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https://plus.google.com/114865618166480775623 Russ Abbott : In an earlier post (https://goo.gl/2c4mwt) I wrote about Richard Lugar's +The New York Times column ...
In an earlier post (https://goo.gl/2c4mwt) I wrote about Richard Lugar's +The New York Times column saying that of course Obama can prioritize immigration deportation. The case that triggered this column was heard by the SCOTUS today. It seems the issue isn't quite whether Obama has the authority to prioritize but whether he has authority to declare the people whose deportation priority he wants to reduce to be "legally present," as he is now doing.

Solicitor General Verrilli argued that the president doesn’t actually need to insist that the undocumented persons are “lawfully present,” as the executive order states. "We are not trying to change anybody's legal status," Verrilli said. "If the court thinks it's a problem and wants to put a red pencil through it, it's totally ….fine. Really." All Obama needed to do, he asserted, was to defer deportation of the immigrants in question.

Verrilli's gamble placed Texas in a difficult position. Keller, representing the state, all but admitted that the president could choose to tell parents of children born in the U.S. that they were low priority for deportation, and even give them a document that says so. But he stuck with his insistence that the executive order was unconstitutional because it would change the legal status of the undocumented parents to lawfully present -- an action he said exceeded presidential authority.

But if the executive order doesn’t actually change the person's legal status, and instead just defers deporting them, then there’s nothing unconstitutional about it. Roberts seemed open to this argument.
Who Cares If They're Legal?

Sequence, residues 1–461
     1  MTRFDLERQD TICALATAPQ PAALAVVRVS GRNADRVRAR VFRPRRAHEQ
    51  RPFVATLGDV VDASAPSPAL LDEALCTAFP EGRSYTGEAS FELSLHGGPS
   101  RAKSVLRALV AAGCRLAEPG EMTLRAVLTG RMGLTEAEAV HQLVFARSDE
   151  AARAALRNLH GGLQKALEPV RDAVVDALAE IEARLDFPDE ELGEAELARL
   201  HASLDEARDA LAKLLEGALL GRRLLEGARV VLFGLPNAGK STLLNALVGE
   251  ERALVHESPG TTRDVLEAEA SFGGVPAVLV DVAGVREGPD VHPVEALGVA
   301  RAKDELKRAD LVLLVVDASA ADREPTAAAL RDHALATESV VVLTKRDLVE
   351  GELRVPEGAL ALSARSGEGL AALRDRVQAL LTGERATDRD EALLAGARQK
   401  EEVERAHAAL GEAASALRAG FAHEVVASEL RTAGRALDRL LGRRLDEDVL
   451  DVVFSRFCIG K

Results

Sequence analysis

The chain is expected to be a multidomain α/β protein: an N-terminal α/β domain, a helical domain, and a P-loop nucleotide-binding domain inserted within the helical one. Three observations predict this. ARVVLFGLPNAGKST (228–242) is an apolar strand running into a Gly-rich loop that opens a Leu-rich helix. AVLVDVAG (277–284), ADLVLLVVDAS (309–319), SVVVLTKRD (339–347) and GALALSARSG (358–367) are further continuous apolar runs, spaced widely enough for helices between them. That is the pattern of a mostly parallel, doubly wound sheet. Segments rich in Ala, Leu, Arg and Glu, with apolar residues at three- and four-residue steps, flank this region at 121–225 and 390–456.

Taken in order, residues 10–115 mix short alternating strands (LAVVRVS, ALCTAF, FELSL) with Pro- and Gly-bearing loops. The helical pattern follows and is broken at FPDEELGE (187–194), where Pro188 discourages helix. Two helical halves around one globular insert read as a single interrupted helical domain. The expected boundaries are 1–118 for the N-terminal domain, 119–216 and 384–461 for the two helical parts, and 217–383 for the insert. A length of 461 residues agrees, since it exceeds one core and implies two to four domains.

Just don't send them back. That gives the Supreme Court an easy out on Obama's immigration plan.
10 days ago - Via Google+ - View -
https://plus.google.com/114865618166480775623 Russ Abbott : Richard Lugar, former Republican Senator from Indiana, writes that Obama's immigration policy is consistent...
Richard Lugar, former Republican Senator from Indiana, writes that Obama's immigration policy is consistent with those of past presidents and approaches  an optimal state-friendly federal immigration policy.

President Obama ... has operated under longstanding provisions of law that give the executive branch discretion in enforcement. This presidential prerogative has been recognized explicitly by the Supreme Court. Moreover, the nature of immigration enforcement and the resources (or lack thereof) appropriated by Congress necessitate exactly the type of choices that the president has made.

The 2002 law creating the Department of Homeland Security explicitly said the executive should set “national immigration enforcement policies and priorities.” The Supreme Court has recognized the leeway Congress gives the executive branch in deportations. In a 2012 majority opinion written by Justice Anthony M. Kennedy and joined by Chief Justice John G. Roberts Jr., the court noted that “a principal feature of the removal system is the broad discretion exercised by immigration officials,” including the decision “whether it makes sense to pursue removal at all.” ...

In 1990, for example, under President George H.W. Bush, the immigration service, relying in part on authority dating from the Reagan administration, offered extended voluntary departure and work authorization to the spouses and children of aliens who had previously been granted legal status.

From [the Republican] howls of outrage, you wouldn’t know that the Obama administration has vastly exceeded the deportations under President George W. Bush. And Mr. Bush vastly exceeded those of President Clinton. President Obama’s directives to focus enforcement efforts on those who have committed crimes in the United States and recent border crossers are a rational executive prioritization, given the resources and the realities.

These facts undercut Texas’s argument that it is unduly burdened by the president’s decisions. With deportations aimed at criminals and new border crossers, we would seem close to an optimal state-friendly federal immigration policy.
On Immigration, Law Is on Obama’s Side - The New York Times
The president has operated under longstanding provisions of law that give the executive branch discretion in enforcement.
10 days ago - Via Google+ - View -
https://plus.google.com/115751985982972246887 George Mattathil : Type 2 diabetes affects more than 30 million Americans and kills two of them every five minutes. That’s...